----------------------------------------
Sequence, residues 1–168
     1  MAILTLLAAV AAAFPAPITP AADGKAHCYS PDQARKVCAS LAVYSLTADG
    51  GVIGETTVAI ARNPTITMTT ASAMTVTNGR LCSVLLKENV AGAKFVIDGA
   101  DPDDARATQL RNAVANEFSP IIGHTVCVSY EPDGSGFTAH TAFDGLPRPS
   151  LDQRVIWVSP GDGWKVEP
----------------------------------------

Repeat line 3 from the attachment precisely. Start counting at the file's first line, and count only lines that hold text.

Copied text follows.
    51  GVIGETTVAI ARNPTITMTT ASAMTVTNGR LCSVLLKENV AGAKFVIDGA